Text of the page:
This morning, September 22, 2015, the Palm Beach County Commission was scheduled to vote on the future of ridesharing apps Lyft and Uber in Palm Beach County. Instead, the Commission decided to hold off on any final decisions until the Florida legislature handles the issue statewide during their upcoming 2016 session. For Palm Beach County, Lyft and Uber will continue operating as they are currently until and when the Florida legislature passes statewide regulations on ridesharing companies. Uber operates under a temporary operating agreement with the Palm Beach County government which is technically what Palm Beach County Commissioners voted to extend.
This morning, Commissioner Steve Abrams suggested to delay the vote as he needed to leave the commission meeting early and Commissioner Priscilla Taylor made the motion. Commissioner Hal Valeche was not able to be present at the meeting is another reason the decision was delayed. As Abrams also noted, much of the public was not have been able to attend today’s meeting due to Yom Kippur.
Item 4A and 5E on today’s agenda would still keep the fee of $10,000 for a new business which is designed to keep small businesses out of the market. Abrams and other commissioners are hopeful to put an end to such onerous regulations and give the public what they want — Lyft and Uber.
It is proposed the county change its vehicle for hire ordinance to continue regulation on Lyft and Uber; however, would not force the ridesharing tech companies or traditional taxi companies under a government-run background check. The proposal would also allow Lyft and Uber to continue to use their current insurance companies which provided $1 million liability insurance while passengers are using their service.
At issue with county commissioners is that commissioners want Lyft and Uber drivers to undergo a government-run background check while Lyft and Uber contend their private, third-party background checks are more comprehensive. Commissioners have repeatedly stated they want the government-run background checks for the safety of the community; however, not one person has come forward to show Lyft or Uber are any less safe than traditional taxi companies. In August, the county commission voted 4-3 to stop the requirement of the government-run background checks and it still needs final approval. Lyft and Uber have not backed down in their quest to operate their businesses in the best interest of their customers.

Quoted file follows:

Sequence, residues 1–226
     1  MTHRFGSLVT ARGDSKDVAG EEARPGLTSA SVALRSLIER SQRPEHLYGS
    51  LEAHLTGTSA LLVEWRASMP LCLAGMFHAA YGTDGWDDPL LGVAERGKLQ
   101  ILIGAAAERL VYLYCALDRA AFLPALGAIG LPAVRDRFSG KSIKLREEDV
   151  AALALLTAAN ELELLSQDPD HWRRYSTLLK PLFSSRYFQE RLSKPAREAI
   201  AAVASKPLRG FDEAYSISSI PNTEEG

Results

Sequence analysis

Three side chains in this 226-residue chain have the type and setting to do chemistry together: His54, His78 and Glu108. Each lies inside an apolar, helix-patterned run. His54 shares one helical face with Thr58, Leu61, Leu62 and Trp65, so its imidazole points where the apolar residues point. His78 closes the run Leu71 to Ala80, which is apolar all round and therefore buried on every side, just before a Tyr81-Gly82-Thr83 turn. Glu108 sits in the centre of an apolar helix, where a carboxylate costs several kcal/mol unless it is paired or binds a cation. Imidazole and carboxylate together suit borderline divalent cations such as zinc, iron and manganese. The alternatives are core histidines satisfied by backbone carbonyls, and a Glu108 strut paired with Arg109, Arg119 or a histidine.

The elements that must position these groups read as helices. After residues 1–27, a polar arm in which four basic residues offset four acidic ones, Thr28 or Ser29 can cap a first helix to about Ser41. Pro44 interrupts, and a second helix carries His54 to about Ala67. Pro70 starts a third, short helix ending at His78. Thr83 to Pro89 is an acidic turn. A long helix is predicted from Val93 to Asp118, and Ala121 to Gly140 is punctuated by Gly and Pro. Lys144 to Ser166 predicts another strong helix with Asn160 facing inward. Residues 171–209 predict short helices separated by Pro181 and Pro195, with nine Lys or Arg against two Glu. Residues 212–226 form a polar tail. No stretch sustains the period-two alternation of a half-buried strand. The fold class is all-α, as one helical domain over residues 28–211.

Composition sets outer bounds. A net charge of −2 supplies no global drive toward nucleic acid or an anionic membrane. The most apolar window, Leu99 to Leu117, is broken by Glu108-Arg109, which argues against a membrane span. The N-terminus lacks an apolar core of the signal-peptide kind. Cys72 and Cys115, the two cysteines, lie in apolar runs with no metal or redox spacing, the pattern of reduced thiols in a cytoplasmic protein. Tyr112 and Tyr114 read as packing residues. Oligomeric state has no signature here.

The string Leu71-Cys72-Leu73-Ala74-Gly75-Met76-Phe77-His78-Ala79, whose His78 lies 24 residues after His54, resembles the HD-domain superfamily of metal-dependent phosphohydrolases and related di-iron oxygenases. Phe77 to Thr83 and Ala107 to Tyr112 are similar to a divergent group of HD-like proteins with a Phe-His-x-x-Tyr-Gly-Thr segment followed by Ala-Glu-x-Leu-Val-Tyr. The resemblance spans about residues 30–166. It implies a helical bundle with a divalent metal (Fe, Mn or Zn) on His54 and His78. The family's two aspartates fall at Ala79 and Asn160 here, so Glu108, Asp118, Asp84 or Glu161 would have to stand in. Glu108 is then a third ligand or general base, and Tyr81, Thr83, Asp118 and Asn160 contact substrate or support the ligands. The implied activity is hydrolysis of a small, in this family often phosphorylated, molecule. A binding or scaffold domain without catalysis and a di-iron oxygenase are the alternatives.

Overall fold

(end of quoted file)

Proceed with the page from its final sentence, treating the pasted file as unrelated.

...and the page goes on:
Over several county commission public hearings on the issue, Uber and Lyft have had hundreds of raving fans show up to speak in support of the ridesharing companies while the traditional taxi companies has had none. “Consumers have overwhelmingly chose Uber over the taxi cab industry to suit their transportation needs and if the taxi can industry must survive, it should make itself more efficient instead of coercing politicians to enforce a prohibition on its competitors” said Palm Beach County Transportation Committee (PBCTC) board member, Marc Tancer. The PBCTC has filed to form a Super PAC with the stated purpose to create “a massive grassroots campaign against any commissioner choosing to over-regulate and ban Uber from operating within our County.” Tancer concluded, “Let it be known that we strongly support Uber and other ride-sharing companies and believe a solution can be made between consumers and the county commission instead of resorting to failed tactics that have already been used in Broward County.” Tancer is referring to Broward County, where ridesharing companies are temporarily banned from operating. A resolution in Broward is still being worked out so Lyft and Uber can once again operate in Broward County and will likely happen in October.
Last month, the Libertarian Party of Palm Beach County issued a statement on the issue. Apparently commissioners agreed with the Libertarians as commissioners moved in their direction. The local party’s statement read, “While the Palm Beach County Commission suggests the proposed amendments provides flexibility and public safety, the Libertarian Party of Palm Beach County opposes the changes because it limits small companies from entering the vehicles for hire local market. The numerous regulatory requirements, including new FBI background checks, increased insurance requirements and a one-time $10,000 application fee, limits competition resulting in poorer service to our community. The party argues that free markets are a more efficient regulator than bureaucratic red tape.”